The Sales and Marketing Magazine (www.salesandmarketing.com) recently provided to their members and subscribers a series of free white paper downloads. One of the white papers available was written by a consultant working for ZS Associates (a highly regarded firm that does much of their business in “pharma.” www.zsassociates.com). The specific white paper was titled, “Value-Based Selling Moves from Theory to Practice to Results.” One of the claims in this white paper clanged off of my ear and caused me to question the research, the analyst/author, and the findings. The author made the statement:
The reality is people are not going to buy on personal relationships in this kind of environment – they’re buying on economic value and trust
I read that and had a visceral negative reaction. Buyers are able to do research on products, companies, competitors, etc. on their own via internet searches. Therefore, one of the previous roles of the sales person has certainly changed – the introduction of a product, explanation of features and to a certain extent, the education about what a product or service can provide the prospect or client. In this age of “self-help” buying, the prospect is certainly better informed than s/he may have been previously. And, I can certainly agree that the notion of economic value (which is not always the same as “the cheapest or least expensive option”) has a critical weighting in the final determination made by the buyer. However, I cannot get past the belief that people are not buying on personal relationships (if that were the case, there is no need for sales people!). What further galls me is that the author then contradicts his own beliefs by adding – “they’re buying on economic value and trust.” How can trust be anything but personal?
The New Role
It is in this environment where data is so ubiquitous and pervasive that the sales person’s role is even more heightened in terms of the importance of the personal relationship and trust. Previously, the buyer was at a disadvantage in that s/he was reliant on sales people to keep them apprised of developments in the market. So, while there was a belief that the differentiation between successful sales people and unsuccessful people was found in the sales person’s ability to build rapport – the reality was that it was LESS important then than it is now. What now replaces that rapport-building is the ability to develop trust – and that is at least in part – VERY personal.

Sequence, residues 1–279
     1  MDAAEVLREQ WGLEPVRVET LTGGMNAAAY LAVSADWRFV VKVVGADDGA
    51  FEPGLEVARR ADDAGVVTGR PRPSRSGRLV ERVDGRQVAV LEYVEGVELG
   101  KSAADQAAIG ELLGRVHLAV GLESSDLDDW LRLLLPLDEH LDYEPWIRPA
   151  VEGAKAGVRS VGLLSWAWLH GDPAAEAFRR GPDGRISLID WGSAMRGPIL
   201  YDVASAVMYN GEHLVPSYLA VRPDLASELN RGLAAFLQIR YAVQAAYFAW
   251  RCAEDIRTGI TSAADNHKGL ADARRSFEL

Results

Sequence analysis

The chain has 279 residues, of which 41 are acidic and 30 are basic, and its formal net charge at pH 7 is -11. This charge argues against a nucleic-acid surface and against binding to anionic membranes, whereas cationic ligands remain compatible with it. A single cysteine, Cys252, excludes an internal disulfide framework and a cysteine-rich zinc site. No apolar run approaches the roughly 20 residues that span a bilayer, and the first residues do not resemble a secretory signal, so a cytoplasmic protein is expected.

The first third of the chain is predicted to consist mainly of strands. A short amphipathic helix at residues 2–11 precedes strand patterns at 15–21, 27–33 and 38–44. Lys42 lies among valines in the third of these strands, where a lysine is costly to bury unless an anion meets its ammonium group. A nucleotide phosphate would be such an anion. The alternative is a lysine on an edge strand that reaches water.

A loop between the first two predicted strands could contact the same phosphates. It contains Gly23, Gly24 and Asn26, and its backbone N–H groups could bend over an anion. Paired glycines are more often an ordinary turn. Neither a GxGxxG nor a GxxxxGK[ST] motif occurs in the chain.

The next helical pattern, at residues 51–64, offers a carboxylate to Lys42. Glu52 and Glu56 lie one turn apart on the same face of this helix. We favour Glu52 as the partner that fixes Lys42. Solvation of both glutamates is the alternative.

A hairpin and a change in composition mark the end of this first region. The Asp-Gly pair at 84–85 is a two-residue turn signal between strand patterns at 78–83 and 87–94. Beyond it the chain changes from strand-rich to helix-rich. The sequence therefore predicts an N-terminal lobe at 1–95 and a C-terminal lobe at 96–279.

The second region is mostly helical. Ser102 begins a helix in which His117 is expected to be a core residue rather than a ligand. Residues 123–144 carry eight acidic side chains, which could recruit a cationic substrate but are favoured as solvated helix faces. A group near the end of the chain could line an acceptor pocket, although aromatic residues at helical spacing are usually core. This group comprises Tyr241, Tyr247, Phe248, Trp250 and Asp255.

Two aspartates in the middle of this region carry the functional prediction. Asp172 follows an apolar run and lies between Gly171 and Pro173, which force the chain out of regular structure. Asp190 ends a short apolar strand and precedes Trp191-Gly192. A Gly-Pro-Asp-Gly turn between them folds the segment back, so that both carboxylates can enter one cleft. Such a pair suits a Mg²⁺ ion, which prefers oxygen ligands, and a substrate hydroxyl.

Trust has different components to it. Good sources for identifying trust in selling behaviors can be found in the books of Stephen Covey (Speed of Trust) and Charles Green (Trust-based Advisor). In short, the components include:
Caring – to what level does the sales person demonstrate that they have the best interests of the prospect/customer at heart?
- Communication – is the communication open, honest, and completely truthful (or is it filled with “half-truths” or outright lies)?
Competence – does the sales person have the right set of skills and experiences?
- Character – does the sales person make the hard decisions that may even impact them negatively so that the customer may benefit?
- Commitment – is the sales person engaged or motivated to take the actions necessary?
- Clarity – is the sales person clear and focused on their objectives, steps required for the sale, goals and strategies, etc.?
Clearly, trust is personal and value-based selling is contingent on how well the sales person is able to demonstrate both trustworthiness and trusting behaviors. To think otherwise is to completely miss the point of what value-based selling includes, the importance of personal relationships in making the sale, and the meaning of trust.